Gonzaga Debate Institute 2008
Scholars Lab

4 Biopower

The final solution was the byproduct of a unique understanding of the relationship between Jews and Germans. Biopolitics does NOT necessitate extermination of the Other. Dickinson 04 (Edward, Biopolitics, Facism, Democracy, Central European History v37 n1, Ass. Prof. Hist. at
University of Cincinnati) And yet, it is clear that anti-Semitism and eugenics did not imply, presuppose, or necessitate each other. The Nazi variant of biopolitical modernity was in fact quite idiosyncratic. It is very difficult to assess the place of explicitly ethnic racist thinking in the development of eugenics; but despite a resurgence of interest in the differing “character” and fate of ethnic groups after about 1927, on the whole ethnic racism appears to have become gradually less interesting to eugenicists from the late imperial period forward. The Nazis shifted the balance quite suddenly and forcibly in favor of ethnic racial thought after 1933. It may be that the growing in マ uence of eugenics made National Socialist thinking more plausible for many people in the early 1930s; but it seems equally likely that the moderation of eugenics in the 1920s may have increased the appeal of the Social Democratic Party (as the strongest advocate, among the non-Nazi political parties, of eugenic policies) while actually discrediting the Nazis’ more dated ideas.53 In fact, it may be useful to consider not only what eugenic ideas and euthanasia policy contributed to the implementation of the Final Solution, but also how momentum toward the Final Solution shaped Nazi eugenics. The context for Nazi eugenic policies was shaped fundamentally by the Nazis’ sense that Germany was in a permanent racial war with “the Jews” (or communists and democrats, which in the Nazi worldview amounted to the same thing). The urgency of Nazi eugenic policy —the scope of forcible sterilization, the murder of tens of thousands of “defective” people— derived not just from the “normal” fear of degeneration typical of eugenics since its inception, but also from a quite extraordinary understanding of the immediacy of racial confrontation.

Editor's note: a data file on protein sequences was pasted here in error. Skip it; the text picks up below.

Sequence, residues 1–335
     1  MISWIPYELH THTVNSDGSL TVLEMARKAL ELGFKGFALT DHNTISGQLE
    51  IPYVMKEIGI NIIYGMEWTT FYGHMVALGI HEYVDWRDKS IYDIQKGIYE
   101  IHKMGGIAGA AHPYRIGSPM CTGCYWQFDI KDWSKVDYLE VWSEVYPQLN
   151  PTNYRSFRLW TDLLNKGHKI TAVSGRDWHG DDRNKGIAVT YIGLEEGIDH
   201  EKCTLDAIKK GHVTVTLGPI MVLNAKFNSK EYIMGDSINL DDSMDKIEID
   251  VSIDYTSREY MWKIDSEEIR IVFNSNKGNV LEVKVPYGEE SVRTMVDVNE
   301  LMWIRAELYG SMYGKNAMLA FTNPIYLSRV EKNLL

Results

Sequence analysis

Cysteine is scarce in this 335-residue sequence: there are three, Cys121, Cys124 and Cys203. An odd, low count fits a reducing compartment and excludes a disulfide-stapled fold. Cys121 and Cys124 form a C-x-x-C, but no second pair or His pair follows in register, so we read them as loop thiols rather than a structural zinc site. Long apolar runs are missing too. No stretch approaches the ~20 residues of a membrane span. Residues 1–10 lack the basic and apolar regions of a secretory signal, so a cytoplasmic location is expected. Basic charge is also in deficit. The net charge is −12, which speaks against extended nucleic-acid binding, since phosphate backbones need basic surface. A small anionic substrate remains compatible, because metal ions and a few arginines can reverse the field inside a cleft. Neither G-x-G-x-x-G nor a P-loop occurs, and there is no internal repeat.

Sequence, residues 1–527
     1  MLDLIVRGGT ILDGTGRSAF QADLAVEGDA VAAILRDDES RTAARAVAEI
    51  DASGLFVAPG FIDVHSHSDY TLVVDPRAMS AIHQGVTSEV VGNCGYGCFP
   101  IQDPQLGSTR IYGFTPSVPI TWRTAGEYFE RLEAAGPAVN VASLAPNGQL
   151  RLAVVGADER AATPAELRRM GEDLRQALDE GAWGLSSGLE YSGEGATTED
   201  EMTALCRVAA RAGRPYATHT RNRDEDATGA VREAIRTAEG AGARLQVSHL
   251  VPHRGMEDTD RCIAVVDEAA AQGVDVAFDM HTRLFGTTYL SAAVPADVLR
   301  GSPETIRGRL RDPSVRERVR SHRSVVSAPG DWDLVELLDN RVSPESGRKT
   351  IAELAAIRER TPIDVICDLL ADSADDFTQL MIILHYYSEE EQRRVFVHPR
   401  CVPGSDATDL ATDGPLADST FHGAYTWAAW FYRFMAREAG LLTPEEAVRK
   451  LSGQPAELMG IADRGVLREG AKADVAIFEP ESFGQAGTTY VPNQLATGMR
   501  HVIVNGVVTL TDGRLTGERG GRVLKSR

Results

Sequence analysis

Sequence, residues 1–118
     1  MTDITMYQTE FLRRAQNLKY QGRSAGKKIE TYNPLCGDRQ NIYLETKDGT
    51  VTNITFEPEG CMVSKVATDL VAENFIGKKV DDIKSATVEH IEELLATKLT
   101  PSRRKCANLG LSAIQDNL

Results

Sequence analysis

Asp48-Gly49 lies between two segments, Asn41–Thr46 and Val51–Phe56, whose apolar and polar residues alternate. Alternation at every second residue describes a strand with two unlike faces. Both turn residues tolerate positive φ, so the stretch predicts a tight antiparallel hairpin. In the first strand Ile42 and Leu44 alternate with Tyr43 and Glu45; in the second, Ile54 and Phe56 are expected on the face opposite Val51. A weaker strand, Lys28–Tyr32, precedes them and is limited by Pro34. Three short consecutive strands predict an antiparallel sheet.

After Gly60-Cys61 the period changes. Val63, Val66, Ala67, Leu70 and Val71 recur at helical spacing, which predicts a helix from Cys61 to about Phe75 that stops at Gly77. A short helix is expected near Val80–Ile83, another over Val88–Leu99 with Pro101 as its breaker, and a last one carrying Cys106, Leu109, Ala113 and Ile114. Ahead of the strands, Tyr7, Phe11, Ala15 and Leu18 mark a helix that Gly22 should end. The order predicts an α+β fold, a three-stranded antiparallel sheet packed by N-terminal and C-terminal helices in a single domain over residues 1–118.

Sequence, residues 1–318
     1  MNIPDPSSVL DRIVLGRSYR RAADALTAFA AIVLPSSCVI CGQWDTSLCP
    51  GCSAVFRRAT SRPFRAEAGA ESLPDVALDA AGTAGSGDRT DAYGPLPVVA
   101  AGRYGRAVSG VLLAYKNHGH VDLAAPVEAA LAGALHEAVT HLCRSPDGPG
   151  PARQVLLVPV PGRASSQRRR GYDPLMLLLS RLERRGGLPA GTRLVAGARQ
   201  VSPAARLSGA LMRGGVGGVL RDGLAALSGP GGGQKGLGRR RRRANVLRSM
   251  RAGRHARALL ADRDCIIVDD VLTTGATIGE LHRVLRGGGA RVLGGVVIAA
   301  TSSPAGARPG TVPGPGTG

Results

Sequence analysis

Gonzaga Debate Institute 2008
Scholars Lab

5 Biopower

The holocaust was the result of a series of unique conditions, not the endpoint of all biopolitical regimes. Ranibow and Rose 03 (Paul/Nikolas, Thoughts On The Concept of Biopower Today, The Molecular Science